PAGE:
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oriental

oriental

oriental Sentence Examples

  • The man was tall with Oriental features and striking, turquoise eyes.

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  • Like Paris and other Trojans, he had an Oriental name, Darius.

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  • From that point of view he gazed at the Oriental beauty he had not seen before.

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  • The oriental topaz has been found in New South Wales.

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  • Bagration, a gaunt middle-aged man of medium height with a firm, impassive face of Oriental type, came out after the commander-in-chief.

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  • The oriental man looked her over, almond-shaped turquoise eyes assessing.

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  • He now caused them to build a great capital, Ecbatana, with a royal palace, and introduced the ceremonial of oriental courts; he surrounded himself with a guard and no longer showed' himself to the people, but gave his judgments in writing and controlled the people by officials and spies.

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  • Even before this it had been clear to archaeologists and ethnologists that there was no evidence to support the popular theory that Zimbabwe had been built in very ancient days by some Oriental people.

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  • " Nazarenes"), the ordinary oriental word for "Christians."

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  • Involuntarily he noticed a Georgian or Armenian family consisting of a very handsome old man of Oriental type, wearing a new, cloth- covered, sheepskin coat and new boots, an old woman of similar type, and a young woman.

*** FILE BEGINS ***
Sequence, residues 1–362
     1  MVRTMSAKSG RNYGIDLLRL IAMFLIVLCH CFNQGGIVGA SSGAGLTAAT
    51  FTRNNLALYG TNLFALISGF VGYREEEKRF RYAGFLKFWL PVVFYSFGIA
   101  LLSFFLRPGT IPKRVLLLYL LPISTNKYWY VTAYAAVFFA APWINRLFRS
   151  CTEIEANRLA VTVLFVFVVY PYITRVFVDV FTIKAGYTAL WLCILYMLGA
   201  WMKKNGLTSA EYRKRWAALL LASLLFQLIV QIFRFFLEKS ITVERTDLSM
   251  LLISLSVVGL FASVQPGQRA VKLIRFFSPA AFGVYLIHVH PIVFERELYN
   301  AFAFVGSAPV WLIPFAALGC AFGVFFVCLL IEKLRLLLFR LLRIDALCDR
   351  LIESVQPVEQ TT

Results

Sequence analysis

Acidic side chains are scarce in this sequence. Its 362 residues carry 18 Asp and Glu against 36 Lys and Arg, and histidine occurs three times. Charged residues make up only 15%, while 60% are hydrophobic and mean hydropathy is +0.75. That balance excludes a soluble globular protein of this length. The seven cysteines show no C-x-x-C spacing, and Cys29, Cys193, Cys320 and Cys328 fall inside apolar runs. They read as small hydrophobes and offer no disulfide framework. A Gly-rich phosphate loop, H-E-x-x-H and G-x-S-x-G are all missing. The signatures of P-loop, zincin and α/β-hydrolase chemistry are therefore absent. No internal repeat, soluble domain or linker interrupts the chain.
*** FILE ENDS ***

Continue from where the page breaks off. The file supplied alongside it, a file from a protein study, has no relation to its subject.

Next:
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  • His turquoise eyes stood out against his caramel- colored Oriental features.

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  • We learn from Oriental writers that one of the Buyid (Buwaihid) sultans in the 10th century of the Flight constructed the great cisterns, which may yet be seen, and have been visited, amongst others, by James Morier and E.

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  • He dropped to his knees on the Oriental rug with her still in his arms.

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  • Certainly the Oriental area, in spite of its considerable size, cannot possibly claim the standing of a primary region.

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  • Other precious stones, including the sapphire, emerald, oriental emerald, ruby, opal, amethyst, garnet, chrysolite, topaz, cairngorm, onyx, zircon, etc., have been found in the gold and tin bearing drifts and river gravels in numerous localities throughout the states.

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  • Experiments hitherto made show that the cultivation of Oriental tobacco may.

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  • He founded an oriental institute at Woking, and for some years edited the Asiatic Quarterly Review.